Find the most general antiderivative of the function. (Check your answer by differentiation. Use C for the constant of the antiderivative.) f(x) = x(6 − x)2 for my answer I got X^4/4-4x^3+18x^2+C is this right?

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Find the most general antiderivative of the function. (Check your answer by differentiation. Use C for the constant of the antiderivative.) f(x) = x(6 − x)2 for my answer I got X^4/4-4x^3+18x^2+C is this right?

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Did you find the derivative to check yourself?
To keep things simple, you may try u-substitution \(u = 6-x\)
no i didn't find the derivative to check my answer, i would find the derivative of my problem right?

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yeah you can differentiate your answer and see if it is x^3-12x^2+36x which is the form I think you put it in to integrate (by the way if you have heard of substitutions to make integrals like this nicer looking (or I mean easier) at ganeshie8's note )
nvm if you haven't heard of u-substition before your work looks good, i presume you have used the formula for antiderivative of \(x^n\) to double check, differentiate the answer as freckles said
he might heard of it I don't know
Im not sure i have, but i took the derivative and got x^2-12x+36x :)
x^3-12x^2+36x?
yeah its just that i had x(x^2-12x+36)
and yes I already checked your answer integrating thingy but your problem said to also check your solution by differentiating so now you done both things your problem asked for
got it right! thanks!!
how do you know ` x(x^2-12x+36) ` is same as the original function ?
that might be a dumb q hmm
x(6-x)^2 think he expanded the square thingy first
she* and yeah i did
Ahh looks great she :D
oops sorry
do you want to see the sub thingy mentioned by ganeshie8 for fun?
Its okay! sure is it easier than finding the derivative?
\[\int\limits x (6-x)^2 dx \\ \text{ Let } u=6-x \\ \frac{du}{dx}=0-1 \\ \frac{du}{dx}=-1 \\ du=-1 dx \\ \text{ multiply both sides by -1 } \\ -du=dx \\ \text{ now recall if } u=6-x \text{ then } x=6-u \\ \text{ so we have } \\ \int\limits x (6-x)^2 dx=\int\limits (6-u)u^2 (-du) \\ =\int\limits (u-6)u^2 du\] so now you have less multiplication to do
\[=\int\limits (u-6)u^2 du =\int\limits (u^3-6u) du=\frac{u^4}{4}-3u^2+C \\ \text{ now remember } u=6-x \\ \text{ so you have } \\ =\frac{(6-x)^4}{4}-3(6-x)^2+C\] and it is less multiplication if you get to leave your answer like this :)
\[ x(6 − x)^2 = x(x^2-12x+36) = x^3-12x^2+36x \]Then use power rule. No tricks needed. Your anti-derivative looks correct.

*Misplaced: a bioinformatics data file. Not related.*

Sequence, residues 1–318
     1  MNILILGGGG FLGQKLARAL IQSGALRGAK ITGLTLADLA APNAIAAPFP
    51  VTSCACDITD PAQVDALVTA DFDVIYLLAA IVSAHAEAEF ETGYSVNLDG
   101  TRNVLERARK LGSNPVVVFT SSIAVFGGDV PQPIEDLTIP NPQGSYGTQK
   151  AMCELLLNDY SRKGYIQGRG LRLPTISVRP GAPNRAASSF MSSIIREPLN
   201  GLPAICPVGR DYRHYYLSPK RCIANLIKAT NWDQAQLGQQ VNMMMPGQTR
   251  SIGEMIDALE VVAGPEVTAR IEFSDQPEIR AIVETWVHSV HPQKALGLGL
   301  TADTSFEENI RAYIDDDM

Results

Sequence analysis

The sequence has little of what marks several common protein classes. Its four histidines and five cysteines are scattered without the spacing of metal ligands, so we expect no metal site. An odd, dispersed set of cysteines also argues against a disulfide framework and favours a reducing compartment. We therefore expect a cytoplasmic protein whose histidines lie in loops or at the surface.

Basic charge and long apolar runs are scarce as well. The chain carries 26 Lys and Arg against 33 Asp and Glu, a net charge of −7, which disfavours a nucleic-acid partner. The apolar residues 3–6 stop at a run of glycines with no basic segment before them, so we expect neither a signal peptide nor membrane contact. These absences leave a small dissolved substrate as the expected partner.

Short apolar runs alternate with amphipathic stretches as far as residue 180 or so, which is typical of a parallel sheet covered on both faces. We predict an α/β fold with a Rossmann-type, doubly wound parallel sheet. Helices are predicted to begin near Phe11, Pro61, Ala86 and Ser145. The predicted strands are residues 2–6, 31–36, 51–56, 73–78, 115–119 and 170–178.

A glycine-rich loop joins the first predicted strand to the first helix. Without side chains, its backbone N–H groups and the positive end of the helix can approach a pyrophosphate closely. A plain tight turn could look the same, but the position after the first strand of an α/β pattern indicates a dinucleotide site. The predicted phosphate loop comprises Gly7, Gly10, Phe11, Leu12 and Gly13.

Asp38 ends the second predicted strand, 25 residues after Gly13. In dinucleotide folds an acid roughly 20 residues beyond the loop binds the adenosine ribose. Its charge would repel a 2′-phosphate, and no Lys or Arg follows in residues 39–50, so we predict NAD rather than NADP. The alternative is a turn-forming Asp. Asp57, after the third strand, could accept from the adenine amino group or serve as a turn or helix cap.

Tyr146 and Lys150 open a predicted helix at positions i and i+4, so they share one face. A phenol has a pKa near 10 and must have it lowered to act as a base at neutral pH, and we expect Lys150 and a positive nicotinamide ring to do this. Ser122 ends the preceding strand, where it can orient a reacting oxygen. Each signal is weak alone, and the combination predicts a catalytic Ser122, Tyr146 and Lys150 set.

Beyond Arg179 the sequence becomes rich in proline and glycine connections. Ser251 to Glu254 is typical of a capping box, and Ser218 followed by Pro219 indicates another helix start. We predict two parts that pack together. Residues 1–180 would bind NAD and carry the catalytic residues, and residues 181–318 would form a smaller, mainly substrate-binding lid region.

Oh okay, I didnt understand the substitution part at first, but i get it now! thanks for explaining!
oops I didn't multiply correclty
my answer is off because when I did -6(u^2) I put -6u and so I integrated the wrong thingy
but that is sorta how works above if you can multiply correctly :p
you should ask why on earth substitution is any better than your original method @gaba
try this if you're loving antiderivatives : \[\int x(6-x)^{9999999}\,dx = ?\]
I'm deff not loving them lol so Im working on this right now, Find the most general antiderivative of the function 2rootx+6cosx I got 4x^1/2+6-sinx
im not sure i did it right though
differentiate your answer and see if you get back the original function
also what happened to the constant, C
nvm I just did it again and got 4x^3/2/3 +6 -sinx +C
you're doing calculus, that means you're not in highschool anymore time to use proper notation
4x^ `3/2/3` +6 -sinx +C what does that even mean
[(4x^3/2)/3] +6-sinx+C Btw you can take calculus in high school, just saying
Much better, but still it is not mathematically correct
pretty sure you meant [(4x^3/2)/3] +6(-sinx)+C
differentiate that and see if you get back the original function (there is a mistake, so you wont get back the original function)
why is it +6(sin(x)) and not -sin(x)?
\[f(x)=2 \sqrt{x}+6 \cos(x) \\ \text{ or we can write } \\ f(x)=2 x^\frac{1}{2}+6 \cos(x)\] is this what you are playing with?
yes!
anyways ( ? )'=cos(x) the ?=sin(x) right? (sin(x))'=cos(x) so the antiderivative of cos(x) is sin(x)+C if I had ( ? )'=sin(x) the ?=-cos(x) (-cos(x))'=sin(x) so the antiderivative of sin(x) is -cos(x)+C now if you had ( ? )'=-cos(x) then ?=-sin(x) (-sin(x))'=-cos(x) so the antiderivative of -cos(x) is -sin(x)+C anyways you had find the antiderivative of 2x^(1/2) which looks like you were going for: 4x^(3/2)/3 +k but to find the antiderivative of 6cos(x) you need to recall what can you take derivative of that will give you 6cos(x) you can bring down the 6( and put the antiderivative of cos(x)) here )
forgot to put + some constant at the end there
oh okay, is that to make sure I had it right I checked on mathway for the derivative of cos(x) and it said it was -sin(x) (which is what I thought it was before checking so it made sense) but i typed in +sin(x) and got it right, so thanks for explaining everything!
oh so you got derivative and antiderivative mixed up
but just so you know if it was taking derivative of 6cos(x) you would put -6sin(x) and not 6-sin(x)
but yeah antiderivative of 6cos(x) would be 6sin(x) since the derivative of 6sin(x) is 6cos(x)
the antiderivative of 6cos(x) would be 6sin(x)+C since the derivative of 6sin(x)+C is 6cos(x) *
the most general antiderivative *
Okay I understand now! thanks a lot!!
np

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